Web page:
Four Poems & Visual Art – Anton Pooles

Blue Jay

A splash of blue amid the rubble
of wooden planks and rusty nails
like an underground lake
not yet seen by the naked eye.
Dive in, feel the sting of cold water.
There are no etchings on the walls,
no history revealed.

The Way Down to the Lake

has no obstacles except for five
bone-white trees reaching out
from the cold ground like fingers.
Hundreds of years ago he was
killed by the boy named Jack.

Moth Man

My grandfather
collected butterflies.

He kept them in oak boxes,
on a green wall.

I asked him once,
what’s the fascination?

They’re magicians,
he said, in love
with illusion.


Prove it.

He spread the wings
of the dead leaf butterfly.

Can you see the sunrise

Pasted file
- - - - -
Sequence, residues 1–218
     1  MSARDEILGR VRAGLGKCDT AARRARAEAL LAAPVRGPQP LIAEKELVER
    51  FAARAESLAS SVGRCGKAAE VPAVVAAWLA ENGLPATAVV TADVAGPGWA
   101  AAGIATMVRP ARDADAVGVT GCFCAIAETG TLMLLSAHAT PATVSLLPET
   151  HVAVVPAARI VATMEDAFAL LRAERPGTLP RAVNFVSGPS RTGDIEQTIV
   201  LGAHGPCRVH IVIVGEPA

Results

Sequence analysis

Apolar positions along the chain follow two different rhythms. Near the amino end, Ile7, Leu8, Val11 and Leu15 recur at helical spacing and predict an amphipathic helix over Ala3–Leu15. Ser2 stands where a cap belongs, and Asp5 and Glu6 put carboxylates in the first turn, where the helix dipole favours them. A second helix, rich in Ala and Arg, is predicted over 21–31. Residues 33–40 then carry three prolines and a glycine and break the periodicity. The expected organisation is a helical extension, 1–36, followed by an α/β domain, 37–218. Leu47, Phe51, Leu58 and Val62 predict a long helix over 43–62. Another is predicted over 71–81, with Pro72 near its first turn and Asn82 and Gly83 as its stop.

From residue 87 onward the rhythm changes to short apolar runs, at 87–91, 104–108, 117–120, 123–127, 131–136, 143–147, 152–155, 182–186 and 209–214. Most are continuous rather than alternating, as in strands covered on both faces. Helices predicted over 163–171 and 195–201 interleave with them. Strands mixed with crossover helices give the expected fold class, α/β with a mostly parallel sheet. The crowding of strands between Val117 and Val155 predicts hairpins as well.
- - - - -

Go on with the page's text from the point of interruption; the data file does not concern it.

over the ocean?

I cannot.

That’s because you have
a moth’s heart

Ant Man

A nickname
transformed me into
a metropolis of bone and blood-streams —
where I housed hundreds.

Every part of me had a use;
my brain a storage room,
my eyes watchtowers,
my heart a palace for the queen.

But, they vanished with the nickname,
leaving only empty pockets
where nests once were.

Anton Pooles @AntonPooles was born in Novosibirsk, Siberia and lives in Toronto. He is the co-editor at Cypress: A Poetry Journal, and his poems have appeared in Long Con Magazine, Half a Grapefruit, Train, and others. His chapbook, Monster 36 was published with Anstruther Press (2018).

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